#4426 – 2009 44c Contemporary Christmas: Snowman, convertible booklet

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Winter Holidays – Snowman
2009 Contemporary Christmas
Booklet Stamps

Issue Date: October 8, 2009
City: New York, NY

Making a snowman is a time-honored winter tradition, as laughing children build and decorate the snowman.  If Mom (or Dad) is alert, then mugs of steaming hot cocoa (with marshmallows, please!) are waiting when the rosy-cheeked builders trudge back inside and shed their winter clothes.  Snowman construction, however, is more than child’s play; it is a serious feat of engineering.

First, the right kind of snow is needed for a snowman.  “Packing” snow needs to be moist and sticky.  If it’s too powdery, the snow won’t stick together.  To start a snowman, you need to make a snowball and keep packing snow on it until it’s too big to hold.  Then, set it on the ground and start rolling it around the yard, until it gets too heavy to move.  Make two similar balls of snow, each slightly smaller, and stack them on top of the first.  Nearly anything can be used to decorate and add detail to the snowman – carrot nose, sticks for arms, buttons for the mouth, and stones for the eyes. 

So far, the largest snowman on record was built in Bethel, Maine, in 2008 and stood more than 122 feet high.  It was named after Senator Olympia Snowe.  It beat the old record set in 1999 (also in Bethel).  That year, “Angus, King of the Mountain,” was 113 feet high and weighed 9,000,000 pounds.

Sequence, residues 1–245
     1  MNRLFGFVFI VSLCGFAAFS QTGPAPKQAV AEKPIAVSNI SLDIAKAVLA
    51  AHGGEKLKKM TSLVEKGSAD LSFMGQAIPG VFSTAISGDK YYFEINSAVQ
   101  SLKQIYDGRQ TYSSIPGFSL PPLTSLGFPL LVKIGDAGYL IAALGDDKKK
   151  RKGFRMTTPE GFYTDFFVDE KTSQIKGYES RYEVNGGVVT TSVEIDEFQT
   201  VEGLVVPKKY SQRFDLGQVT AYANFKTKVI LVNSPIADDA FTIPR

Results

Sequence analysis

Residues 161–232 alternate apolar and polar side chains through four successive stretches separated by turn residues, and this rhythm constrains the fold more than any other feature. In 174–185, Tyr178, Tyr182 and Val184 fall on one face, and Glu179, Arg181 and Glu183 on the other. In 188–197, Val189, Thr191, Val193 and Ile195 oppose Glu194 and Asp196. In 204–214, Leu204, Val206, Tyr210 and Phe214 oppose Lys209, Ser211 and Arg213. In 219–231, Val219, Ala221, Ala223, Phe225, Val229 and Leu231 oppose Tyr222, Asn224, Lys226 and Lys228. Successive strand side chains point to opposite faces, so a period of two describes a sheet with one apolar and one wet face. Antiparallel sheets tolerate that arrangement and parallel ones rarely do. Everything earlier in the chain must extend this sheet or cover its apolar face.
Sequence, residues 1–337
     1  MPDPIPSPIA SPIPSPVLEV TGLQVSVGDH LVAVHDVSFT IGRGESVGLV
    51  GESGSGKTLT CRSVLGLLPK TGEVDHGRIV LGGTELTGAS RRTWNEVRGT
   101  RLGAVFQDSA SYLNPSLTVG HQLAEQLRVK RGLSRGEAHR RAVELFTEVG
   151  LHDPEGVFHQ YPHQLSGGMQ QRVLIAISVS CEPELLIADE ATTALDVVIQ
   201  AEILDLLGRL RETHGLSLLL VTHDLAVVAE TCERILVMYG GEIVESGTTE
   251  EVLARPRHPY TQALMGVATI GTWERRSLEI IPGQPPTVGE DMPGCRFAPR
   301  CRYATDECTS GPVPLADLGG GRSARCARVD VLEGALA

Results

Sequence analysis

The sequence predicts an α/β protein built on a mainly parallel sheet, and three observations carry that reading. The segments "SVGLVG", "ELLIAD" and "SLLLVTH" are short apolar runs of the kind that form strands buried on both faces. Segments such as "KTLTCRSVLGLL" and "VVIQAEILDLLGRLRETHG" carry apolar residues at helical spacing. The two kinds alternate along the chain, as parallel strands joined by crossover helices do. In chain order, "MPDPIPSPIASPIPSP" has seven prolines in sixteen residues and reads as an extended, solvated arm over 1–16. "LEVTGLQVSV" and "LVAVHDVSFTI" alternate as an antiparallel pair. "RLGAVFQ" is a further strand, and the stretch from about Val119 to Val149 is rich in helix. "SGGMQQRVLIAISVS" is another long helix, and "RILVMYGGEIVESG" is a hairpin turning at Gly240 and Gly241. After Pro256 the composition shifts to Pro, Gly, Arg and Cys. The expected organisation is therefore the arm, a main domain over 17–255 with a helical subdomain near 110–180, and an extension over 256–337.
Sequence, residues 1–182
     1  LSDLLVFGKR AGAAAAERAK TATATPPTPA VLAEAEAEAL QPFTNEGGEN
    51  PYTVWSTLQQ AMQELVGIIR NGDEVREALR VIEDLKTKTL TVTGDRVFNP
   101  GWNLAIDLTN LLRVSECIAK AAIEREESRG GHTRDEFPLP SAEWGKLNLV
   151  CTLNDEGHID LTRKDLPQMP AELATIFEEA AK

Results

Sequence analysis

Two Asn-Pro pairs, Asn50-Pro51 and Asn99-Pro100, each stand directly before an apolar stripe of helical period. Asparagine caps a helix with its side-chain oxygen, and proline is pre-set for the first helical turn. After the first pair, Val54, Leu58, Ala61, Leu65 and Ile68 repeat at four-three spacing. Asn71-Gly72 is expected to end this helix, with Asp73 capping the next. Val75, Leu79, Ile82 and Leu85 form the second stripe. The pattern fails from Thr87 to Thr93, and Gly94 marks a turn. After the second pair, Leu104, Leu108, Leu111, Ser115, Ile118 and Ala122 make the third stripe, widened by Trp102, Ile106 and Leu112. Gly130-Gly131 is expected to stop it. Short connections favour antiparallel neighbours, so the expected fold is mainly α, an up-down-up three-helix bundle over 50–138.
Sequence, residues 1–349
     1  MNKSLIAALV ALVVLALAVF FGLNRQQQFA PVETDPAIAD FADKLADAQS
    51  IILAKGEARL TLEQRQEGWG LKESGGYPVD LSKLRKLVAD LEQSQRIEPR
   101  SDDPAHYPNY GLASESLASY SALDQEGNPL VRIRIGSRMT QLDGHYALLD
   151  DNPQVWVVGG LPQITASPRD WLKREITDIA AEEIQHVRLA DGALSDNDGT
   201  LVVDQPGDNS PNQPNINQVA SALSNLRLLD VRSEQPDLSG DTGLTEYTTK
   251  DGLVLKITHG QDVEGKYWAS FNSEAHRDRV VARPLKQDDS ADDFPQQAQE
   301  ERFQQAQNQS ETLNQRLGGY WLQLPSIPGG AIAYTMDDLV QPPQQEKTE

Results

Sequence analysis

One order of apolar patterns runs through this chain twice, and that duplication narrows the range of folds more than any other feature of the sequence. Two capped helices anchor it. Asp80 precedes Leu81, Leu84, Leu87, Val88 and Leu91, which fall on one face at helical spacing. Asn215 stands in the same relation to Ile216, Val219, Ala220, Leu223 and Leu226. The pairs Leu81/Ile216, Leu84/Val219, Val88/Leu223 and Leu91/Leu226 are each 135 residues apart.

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Winter Holidays – Snowman
2009 Contemporary Christmas
Booklet Stamps

Issue Date: October 8, 2009
City: New York, NY

Making a snowman is a time-honored winter tradition, as laughing children build and decorate the snowman.  If Mom (or Dad) is alert, then mugs of steaming hot cocoa (with marshmallows, please!) are waiting when the rosy-cheeked builders trudge back inside and shed their winter clothes.  Snowman construction, however, is more than child’s play; it is a serious feat of engineering.

First, the right kind of snow is needed for a snowman.  “Packing” snow needs to be moist and sticky.  If it’s too powdery, the snow won’t stick together.  To start a snowman, you need to make a snowball and keep packing snow on it until it’s too big to hold.  Then, set it on the ground and start rolling it around the yard, until it gets too heavy to move.  Make two similar balls of snow, each slightly smaller, and stack them on top of the first.  Nearly anything can be used to decorate and add detail to the snowman – carrot nose, sticks for arms, buttons for the mouth, and stones for the eyes. 

So far, the largest snowman on record was built in Bethel, Maine, in 2008 and stood more than 122 feet high.  It was named after Senator Olympia Snowe.  It beat the old record set in 1999 (also in Bethel).  That year, “Angus, King of the Mountain,” was 113 feet high and weighed 9,000,000 pounds.